Tsung-Dao Lee   1957 Nobel Laureate in Physics
Samuel C.C. Ting   1976 Nobel Laureate in Physics
Yuan T. Lee   1986 Nobel Laureate in Chemistry

The  recently-released 2002 UPSR results have again demonstrated the traditional high standards in mathematics and science in Chinese primary schools as compared to the other  streams, as shown by the following:


Subject A B C ABC D E DE
National Schools              
Mathematics 24.2 26.7 31.1 82.0 11.0 7.0 18.0
Science 16.9 33.9 29.9 80.7 8.9 10.4 19.3
Chinese Schools              
Mathematics 52.7 23.2 16.7 92.6 4.6 2.8 7.4
Science 23.9 40.7 21.3 85.9 6.3 7.8 14.1
Tamil Schools              
Mathematics 15.9 29.7 35.5 81.1 12.5 6.4 18.9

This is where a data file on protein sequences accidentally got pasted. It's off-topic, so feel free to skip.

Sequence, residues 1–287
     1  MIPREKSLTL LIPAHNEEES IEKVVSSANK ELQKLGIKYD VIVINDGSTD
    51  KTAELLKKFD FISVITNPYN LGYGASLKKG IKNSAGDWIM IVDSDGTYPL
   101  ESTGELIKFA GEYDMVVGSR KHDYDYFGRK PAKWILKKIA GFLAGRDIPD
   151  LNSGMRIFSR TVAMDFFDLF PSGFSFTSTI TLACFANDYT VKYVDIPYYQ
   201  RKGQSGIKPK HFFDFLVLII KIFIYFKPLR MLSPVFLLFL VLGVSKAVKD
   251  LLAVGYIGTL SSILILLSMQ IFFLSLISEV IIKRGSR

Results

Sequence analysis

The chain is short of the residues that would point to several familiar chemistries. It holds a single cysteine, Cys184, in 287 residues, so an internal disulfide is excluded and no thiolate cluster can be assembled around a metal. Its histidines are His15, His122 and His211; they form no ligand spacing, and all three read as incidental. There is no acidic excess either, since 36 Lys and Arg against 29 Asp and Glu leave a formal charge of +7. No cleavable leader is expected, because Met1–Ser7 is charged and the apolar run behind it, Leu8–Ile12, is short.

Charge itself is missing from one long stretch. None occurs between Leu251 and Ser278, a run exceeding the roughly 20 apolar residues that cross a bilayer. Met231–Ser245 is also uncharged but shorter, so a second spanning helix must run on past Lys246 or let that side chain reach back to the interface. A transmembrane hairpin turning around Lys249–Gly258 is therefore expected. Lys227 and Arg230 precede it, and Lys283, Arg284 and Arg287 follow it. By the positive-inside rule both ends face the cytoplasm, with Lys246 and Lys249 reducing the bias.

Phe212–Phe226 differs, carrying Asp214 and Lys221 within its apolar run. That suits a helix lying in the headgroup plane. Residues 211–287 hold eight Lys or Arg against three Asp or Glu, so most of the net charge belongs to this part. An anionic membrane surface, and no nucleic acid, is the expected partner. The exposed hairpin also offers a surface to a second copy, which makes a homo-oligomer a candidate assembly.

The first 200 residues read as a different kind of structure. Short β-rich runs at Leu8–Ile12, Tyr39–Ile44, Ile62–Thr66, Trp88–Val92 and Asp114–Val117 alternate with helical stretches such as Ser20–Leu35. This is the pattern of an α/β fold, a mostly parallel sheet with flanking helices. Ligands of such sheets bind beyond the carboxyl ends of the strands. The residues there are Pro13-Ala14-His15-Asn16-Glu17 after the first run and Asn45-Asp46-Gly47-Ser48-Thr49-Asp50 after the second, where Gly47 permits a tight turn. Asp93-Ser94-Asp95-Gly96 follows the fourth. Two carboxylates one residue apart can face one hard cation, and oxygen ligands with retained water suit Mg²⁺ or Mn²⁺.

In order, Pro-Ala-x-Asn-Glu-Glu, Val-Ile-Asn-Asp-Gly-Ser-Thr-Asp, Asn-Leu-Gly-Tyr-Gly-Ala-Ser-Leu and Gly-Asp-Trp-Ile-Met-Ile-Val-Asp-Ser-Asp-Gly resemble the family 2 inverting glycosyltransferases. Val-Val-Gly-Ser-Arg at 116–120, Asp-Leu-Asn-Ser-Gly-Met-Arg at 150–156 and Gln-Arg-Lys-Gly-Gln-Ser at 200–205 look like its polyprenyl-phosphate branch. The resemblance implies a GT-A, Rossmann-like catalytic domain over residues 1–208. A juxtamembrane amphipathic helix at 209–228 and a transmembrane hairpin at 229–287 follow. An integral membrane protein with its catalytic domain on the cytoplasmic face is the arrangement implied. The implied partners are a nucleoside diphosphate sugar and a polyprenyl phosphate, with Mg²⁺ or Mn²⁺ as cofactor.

Science 8.0 28.7 37.9 74.6 11.4 13.9 25.3

Malaysia will be able to offer a better  primary and secondary education than  those received by these  five Nobel Prize science laureates if apart from maintaining the traditional high standards of mathematics and science through the mother-tongue in these two subjects in the primary schools, English is seriously taught as a subject from Std. One.

The Education Minister, Tan Sri Musa Mohamd said after his Ministry’s post-Cabinet meeting yesterday that national schools would continue to have a total of seven periods a week for mathematics while Chinese schools would have 10 from next year, and that the syllabus is the same for both streams.